I’ve only just remembered that I’ve never written anything about my attempt at using Tchibo straight knitting loom. It was a disaster. I actually went there and returned it (got all my money back, good Tchibo policy here).
It was soft and flexible. VERY soft. When I put the first round of yarn on it, the sides bent into the middle. Whatever I did, I couldn’t make any kind of consistent knit, it all came out as a bunch of very very loose loops.
Look from the top (see how it bends into the middle?):
Look from the side (only a few rows, but even when I made some more in hope of this getting a bit tighter, no luck):
But as you can see in the second photo, it’s all fault of very poor construction – the frame itself is hollow and walls are very thin. The plastic bent under slightest pressure, including loosely threaded yarn.
In summary: when buying a knitting loom, make sure the frame is solid (wood is good!). PRYM round looms I’ve tried out are very sturdy. I’d like to find a straight one of the same class. Possibly with pins much closer together.
As I’m searching for the alternatives to simple knitting (for fun and/or future reference) I’ve bought a set of PRYM knitting circular looms. These are static tools, like a ring with little pins, on which you can knit a tube or a flat panel. More or less like on a knitting mill, but:
* much more portable
* WAY more resistant to thicker wool
* more options as to width/stitch count
* more manual operations needed
* possible to use some actual stitches, not just flat knit
* for cons, of course, MUCH slower (see “more manual operations needed”)
What does this look like? Amazon (very small foto) or Wloczka Sklep (where I bought them). For some reason, sometimes it’s also sold, with the exact same colours, as Darice easy knitting round loom set (Amazon). Mine has a pink needle, not a blue one, but even needle shape is exactly the same (and the blue needle is on the box of mine).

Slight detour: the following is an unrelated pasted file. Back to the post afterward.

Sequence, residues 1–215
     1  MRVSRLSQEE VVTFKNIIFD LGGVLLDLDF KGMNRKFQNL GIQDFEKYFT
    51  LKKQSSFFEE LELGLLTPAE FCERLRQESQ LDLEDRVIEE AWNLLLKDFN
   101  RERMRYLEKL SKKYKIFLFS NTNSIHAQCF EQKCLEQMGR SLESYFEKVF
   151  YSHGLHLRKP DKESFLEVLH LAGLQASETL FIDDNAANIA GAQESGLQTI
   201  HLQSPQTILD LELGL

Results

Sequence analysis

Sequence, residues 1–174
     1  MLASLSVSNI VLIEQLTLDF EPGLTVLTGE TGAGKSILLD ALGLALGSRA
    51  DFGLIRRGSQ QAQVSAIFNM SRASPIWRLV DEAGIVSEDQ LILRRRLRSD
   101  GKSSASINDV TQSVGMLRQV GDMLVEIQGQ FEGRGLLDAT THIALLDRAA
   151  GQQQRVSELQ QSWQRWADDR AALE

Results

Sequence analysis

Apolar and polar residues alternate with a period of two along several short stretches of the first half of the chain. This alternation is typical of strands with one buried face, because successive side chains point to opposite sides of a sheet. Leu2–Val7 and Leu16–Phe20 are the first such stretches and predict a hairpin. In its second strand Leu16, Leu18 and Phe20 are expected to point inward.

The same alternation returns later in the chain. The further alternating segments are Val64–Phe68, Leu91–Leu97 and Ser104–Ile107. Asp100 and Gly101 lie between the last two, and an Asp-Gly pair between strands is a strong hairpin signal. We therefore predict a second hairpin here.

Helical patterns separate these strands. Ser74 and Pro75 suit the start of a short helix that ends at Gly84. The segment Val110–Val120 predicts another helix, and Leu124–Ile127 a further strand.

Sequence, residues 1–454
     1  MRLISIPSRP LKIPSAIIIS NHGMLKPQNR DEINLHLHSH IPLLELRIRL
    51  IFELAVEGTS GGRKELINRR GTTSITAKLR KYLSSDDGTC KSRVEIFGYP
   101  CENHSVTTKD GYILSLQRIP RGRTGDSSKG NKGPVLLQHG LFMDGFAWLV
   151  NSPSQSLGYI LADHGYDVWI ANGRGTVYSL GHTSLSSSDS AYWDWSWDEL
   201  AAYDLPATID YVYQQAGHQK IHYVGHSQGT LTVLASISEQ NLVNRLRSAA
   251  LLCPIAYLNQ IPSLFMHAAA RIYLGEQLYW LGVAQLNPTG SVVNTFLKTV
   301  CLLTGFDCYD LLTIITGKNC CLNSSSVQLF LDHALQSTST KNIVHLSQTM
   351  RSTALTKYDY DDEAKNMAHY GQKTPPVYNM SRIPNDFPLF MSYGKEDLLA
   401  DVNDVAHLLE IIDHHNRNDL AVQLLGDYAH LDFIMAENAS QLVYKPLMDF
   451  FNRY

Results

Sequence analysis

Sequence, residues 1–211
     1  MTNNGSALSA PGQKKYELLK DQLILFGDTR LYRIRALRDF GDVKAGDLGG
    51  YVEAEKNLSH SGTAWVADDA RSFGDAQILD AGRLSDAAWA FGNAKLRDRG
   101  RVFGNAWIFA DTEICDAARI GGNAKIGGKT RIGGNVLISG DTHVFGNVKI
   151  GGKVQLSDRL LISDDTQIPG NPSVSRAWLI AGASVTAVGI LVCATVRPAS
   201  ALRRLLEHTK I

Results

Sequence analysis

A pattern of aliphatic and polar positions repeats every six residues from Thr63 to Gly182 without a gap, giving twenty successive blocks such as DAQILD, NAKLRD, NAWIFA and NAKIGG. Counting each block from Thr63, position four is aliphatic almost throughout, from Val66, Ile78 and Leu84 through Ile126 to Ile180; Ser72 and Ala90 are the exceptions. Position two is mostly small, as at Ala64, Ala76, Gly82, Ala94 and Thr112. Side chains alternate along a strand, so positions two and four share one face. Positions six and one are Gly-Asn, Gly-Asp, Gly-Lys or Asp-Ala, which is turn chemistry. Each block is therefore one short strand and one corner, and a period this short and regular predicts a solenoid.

Now, for some details.
1. If you use yarn of more or less standard easy knitting thickness – my fav is 200m/100g – you will get a very, very loose knit, with wide gaping spaces between stitches. May be useful in some cases, but I don’t really like this effect.
2. If you use much thicker yarn (100/100 worked well), the effect is not so loose, but the final product will be awful thick. Winter hats, here we come. Also, very, terryfyingly thick socks.
3. The sizes of the looms are a bit weird. The descriptions on the net say that the smallest one is for baby hats. Yeah, sure, for newborns… or dolls. Or, maybe, for grownup socks (if you don’t expect a turned heel, because the instructions don’t cover this). I think with thick red yarn you could produce an astounding amount of Christmas stockings ;)
I wanted to loomknit a hat for my 8 yrs old son, as he got a nice, olive-green autumn jacket and lacks a hat that would go with it. The second size loom didn’t work, he complained very loudly about the hat being way to small. It may be due to my heady-handed way of casting on the loops, but looks like the second loom is more for toddlers (or grownup tights ;)).
Today I’m going to try the green loom, which is size 3, and see if I can get anything useful done.
Meanwhile, a summary:
+ very sturdy
+ will allow you to use yarn as thick as you can get between the pins (the mill has limit at around 150m/100g)
+ flexible as to how wide the flat panel can be
+ more than one size in the set
– needs to be used with thick yarn (or multiple strands)
– promises much more than is delivered (no way I could make the promised baby booties on it – no baby is big enough)
In hindsight: I wouldn’t have bought it again, I’d rather go for the sock loom (PRYM site) but as I have it, i’ll find use for it. I just don’t have that much thick yarn to use up :)